John Herrera is the designer we look to when we want to power dress; not the stereotypical concept with strong shoulders and streamlined tailoring, but pure confident empowerment. The sharp tailoring, the symmetry in construction, the exaggeration of the female form; every element of this latest collection celebrates women as a force of nature.
The brand first launched in London in 2015, when Herrera was chosen to participate in the British Fashion Council’s International Fashion Showcase. He later went on to win the London Emerging Designer Awards at Somerset House.
Models were made up to look like formidable eagles and warrior women, with hair slicked back into tight braids and structured brows giving the look of a fiery-eyed bird of prey. Each woman was adorned with an individually crafted feather headpiece and flowing earrings that hung from ear to ear in a drape of beads as a necklace.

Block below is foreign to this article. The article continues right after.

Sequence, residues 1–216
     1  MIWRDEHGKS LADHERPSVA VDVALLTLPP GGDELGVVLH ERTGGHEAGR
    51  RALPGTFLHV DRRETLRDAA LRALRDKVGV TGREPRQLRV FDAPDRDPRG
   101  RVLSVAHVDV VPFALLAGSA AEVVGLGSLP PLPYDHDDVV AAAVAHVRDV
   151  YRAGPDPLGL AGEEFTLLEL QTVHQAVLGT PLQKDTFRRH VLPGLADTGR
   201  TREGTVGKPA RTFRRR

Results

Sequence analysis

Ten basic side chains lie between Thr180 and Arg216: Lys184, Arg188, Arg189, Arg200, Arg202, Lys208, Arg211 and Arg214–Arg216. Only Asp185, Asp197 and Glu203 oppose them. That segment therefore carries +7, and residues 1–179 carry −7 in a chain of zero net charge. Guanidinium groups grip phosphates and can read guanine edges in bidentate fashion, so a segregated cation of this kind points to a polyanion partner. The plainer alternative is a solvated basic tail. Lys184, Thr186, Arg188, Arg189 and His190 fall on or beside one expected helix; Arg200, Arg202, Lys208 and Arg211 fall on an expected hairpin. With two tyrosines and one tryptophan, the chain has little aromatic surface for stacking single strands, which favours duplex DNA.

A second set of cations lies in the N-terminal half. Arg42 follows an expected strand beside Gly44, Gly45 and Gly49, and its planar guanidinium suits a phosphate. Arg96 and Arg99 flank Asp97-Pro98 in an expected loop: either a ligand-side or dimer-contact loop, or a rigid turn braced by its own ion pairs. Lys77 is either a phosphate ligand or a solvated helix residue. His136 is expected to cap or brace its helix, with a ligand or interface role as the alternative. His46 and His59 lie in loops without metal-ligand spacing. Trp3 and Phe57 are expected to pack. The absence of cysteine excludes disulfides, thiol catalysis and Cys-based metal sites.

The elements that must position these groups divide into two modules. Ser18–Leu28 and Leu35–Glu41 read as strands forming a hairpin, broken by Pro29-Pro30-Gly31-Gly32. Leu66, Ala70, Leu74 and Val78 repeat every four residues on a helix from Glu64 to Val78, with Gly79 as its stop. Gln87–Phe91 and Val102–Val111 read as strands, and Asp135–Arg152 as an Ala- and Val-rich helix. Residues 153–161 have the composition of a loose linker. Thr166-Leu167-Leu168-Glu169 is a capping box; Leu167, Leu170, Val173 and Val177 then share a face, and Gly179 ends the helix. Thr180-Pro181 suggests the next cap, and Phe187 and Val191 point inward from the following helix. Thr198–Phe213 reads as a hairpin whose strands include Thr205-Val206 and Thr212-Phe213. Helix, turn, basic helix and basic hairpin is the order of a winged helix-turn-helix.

‘Agila’ was inspired by the designer’s Filipino roots. Herrera used a dye sublimation technique to print original artwork onto textiles for this collection. He looked at two main features of Filipino history and culture for inspiration – tribal art and tattoos, and the Philippine eagle. Agila acted as a symbol of the collection, and the name comes from the Tagalog word for eagle.
We came into the presentation to find an ongoing live performance of the Lahing Kayumanggi dance company, a powerful exhibition of drumming and physical dance. It was a beautiful display of Filipino folk culture that was a recurring theme throughout the collection.
Herrera’s colour palette was an earthy, animalistic spectrum of sepias and multi-tonal browns. Silhouettes were striking and defined, with the female form exaggerated and accentuated by the recurring eagle design throughout the collection.
‘Agila’ was designed as part of a collaboration with Epson. Interestingly, with digital textile printing, only the precise volume of fabric is utilised in garment construction, therefore minimising wastage. These advances in technology are an important step forward for sustainability in the fashion industry.
Photography: Ghene Snowdon